Phillies: Can a Bryce Harper/Philadelphia Relationship Work?

Apr 16, 2017; Washington, DC, USA; Washington Nationals right fielder Bryce Harper (34) flips his bat into the air after hitting a game-winning walk-off three run home run against the Philadelphia Phillies in the bottom of the ninth inning at Nationals Park. The Nationals won 6-4. Mandatory Credit: Geoff Burke-USA TODAY Sports
Apr 16, 2017; Washington, DC, USA; Washington Nationals right fielder Bryce Harper (34) flips his bat into the air after hitting a game-winning walk-off three run home run against the Philadelphia Phillies in the bottom of the ninth inning at Nationals Park. The Nationals won 6-4. Mandatory Credit: Geoff Burke-USA TODAY Sports /
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Can a blue-collar city accept a star like Bryce Harper on the Phillies?

Philadelphia sports, not just the Phillies, needs a superstar to revive a town starving for wins. The city has bounced from Illya Bryzgalov, to Andrew Bynum, to Cliff Lee, to Joel Embiid.

Anyone who’s followed the Phillies recently knows the rumors being floated regarding the 2018 offseason when Bryce Harper and Manny Machado become free agents. With only Odubel Herrera’s contract on the books going forward the Phillies have the ability to spend big after next season.

Harper could potentially be the biggest name to hit free agency in the history of sports, which comes with the largest contract in history as well.

Predictions on what Harper, who’ll turn just 26-years-old after next season, have peaked in the ballpark of $400 million. That’s what Alex Rodriguez made in his entire career with Seattle, Texas, and the Yankees.

Financially the move makes sense, but can the Phillies and the town handle Harper’s “Hollywood” personality?

May 17, 2015; Philadelphia, PA, USA; Philadelphia Phillies relief pitcher Jonathan Papelbon (58) stretches in the outfield before a game against the Arizona Diamondbacks at Citizens Bank Park. Mandatory Credit: Bill Streicher-USA TODAY Sports
May 17, 2015; Philadelphia, PA, USA; Philadelphia Phillies relief pitcher Jonathan Papelbon (58) stretches in the outfield before a game against the Arizona Diamondbacks at Citizens Bank Park. Mandatory Credit: Bill Streicher-USA TODAY Sports /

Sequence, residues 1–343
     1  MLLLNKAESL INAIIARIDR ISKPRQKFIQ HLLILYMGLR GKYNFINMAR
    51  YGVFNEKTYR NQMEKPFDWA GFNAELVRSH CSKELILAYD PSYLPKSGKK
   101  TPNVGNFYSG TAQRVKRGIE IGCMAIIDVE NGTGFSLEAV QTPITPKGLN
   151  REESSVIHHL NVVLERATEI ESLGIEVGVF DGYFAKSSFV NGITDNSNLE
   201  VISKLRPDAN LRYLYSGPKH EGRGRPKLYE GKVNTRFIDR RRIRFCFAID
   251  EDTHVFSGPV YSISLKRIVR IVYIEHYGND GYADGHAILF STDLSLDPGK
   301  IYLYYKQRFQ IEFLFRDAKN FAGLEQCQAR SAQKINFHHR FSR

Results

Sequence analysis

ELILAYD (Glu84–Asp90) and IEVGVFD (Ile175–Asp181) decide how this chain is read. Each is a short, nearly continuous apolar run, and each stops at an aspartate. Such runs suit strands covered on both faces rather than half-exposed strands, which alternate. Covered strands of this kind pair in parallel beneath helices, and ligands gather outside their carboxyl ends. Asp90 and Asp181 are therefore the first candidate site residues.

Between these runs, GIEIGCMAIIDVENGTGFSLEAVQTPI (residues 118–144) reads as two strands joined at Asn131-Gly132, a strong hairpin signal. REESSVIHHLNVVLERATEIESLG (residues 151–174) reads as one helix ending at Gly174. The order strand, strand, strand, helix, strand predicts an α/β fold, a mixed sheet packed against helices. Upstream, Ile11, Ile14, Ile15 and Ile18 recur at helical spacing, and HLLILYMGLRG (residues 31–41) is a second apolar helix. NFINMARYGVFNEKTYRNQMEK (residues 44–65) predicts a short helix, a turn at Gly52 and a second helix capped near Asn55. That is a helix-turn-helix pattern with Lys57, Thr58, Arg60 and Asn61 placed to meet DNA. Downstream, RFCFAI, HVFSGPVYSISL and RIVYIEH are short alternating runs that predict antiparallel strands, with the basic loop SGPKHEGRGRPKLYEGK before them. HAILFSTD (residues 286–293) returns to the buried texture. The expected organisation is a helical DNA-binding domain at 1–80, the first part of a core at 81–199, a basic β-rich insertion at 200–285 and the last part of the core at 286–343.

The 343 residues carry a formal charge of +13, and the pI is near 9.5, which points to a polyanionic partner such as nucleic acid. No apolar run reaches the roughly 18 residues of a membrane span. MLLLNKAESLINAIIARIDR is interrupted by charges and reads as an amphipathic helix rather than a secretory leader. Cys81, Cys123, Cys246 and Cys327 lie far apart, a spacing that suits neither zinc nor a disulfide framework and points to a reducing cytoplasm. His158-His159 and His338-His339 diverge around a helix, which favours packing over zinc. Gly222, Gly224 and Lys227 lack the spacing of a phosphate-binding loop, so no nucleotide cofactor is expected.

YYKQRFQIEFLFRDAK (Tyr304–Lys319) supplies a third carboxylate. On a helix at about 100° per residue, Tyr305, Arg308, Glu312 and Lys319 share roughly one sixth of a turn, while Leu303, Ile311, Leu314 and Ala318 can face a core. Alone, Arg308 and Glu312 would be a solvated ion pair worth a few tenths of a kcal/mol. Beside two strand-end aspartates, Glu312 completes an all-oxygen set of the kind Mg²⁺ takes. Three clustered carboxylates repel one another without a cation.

Jonathan Papelbon is an example of personalities gone wrong in Philadelphia baseball, but when he was lights out there weren’t many people complaining. It’s when he went downhill people took exception to his antics and lewdness.

Can we handle Harper not always running out ground balls? We did when Jimmy Rollins, the franchise’s all-time hits leader, did so.

Can we accept the fact he’s not a hometown player, and unlike Jim Thome would have the attitude many don’t appreciate? We did with Cliff Lee until his production flattened out.

Can we handle the fact he’s getting an enormous paycheck at such a young age? We did with Ryan Howard when he was the MVP before a career threatening injury.

More importantly, can Harper handle the fans and media in Philadelphia? It’s certainly much more aggressive in this town than D.C., where people are just now learning what baseball is. That’ll be the biggest question should this relationship come to fruition.

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Signing any player to a long-term contract for that amount of money is a risk, and in some cases, it was worth it. A-Rod, while a headache, in the end, was part of a championship team in New York, to the disdain of Philadelphia fans.

You’d be signing a player who was an All-Star in four of his first five seasons and can hit 40 home runs with a .330 batting average. Not to mention he’d be playing half his career in a ballpark with a power ally suited to his play.

Some people bring up the prospects in the Phillies organization as a reason why Harper wouldn’t make sense. The team has two years to hopefully learn about Nick Williams and Dylan Cozens, yet regardless, we are talking about a perennial MVP candidate in Harper.

Next: Philadelphia Phillies Weekly Awards: 4/9-4/15

Philadelphia hates Harper because he’s with the Nationals, and their feelings towards him may never change. But the second he hits a walk-off home run off the bell in center field or wins a championship in this city, our opinions will take a180 degree turn.

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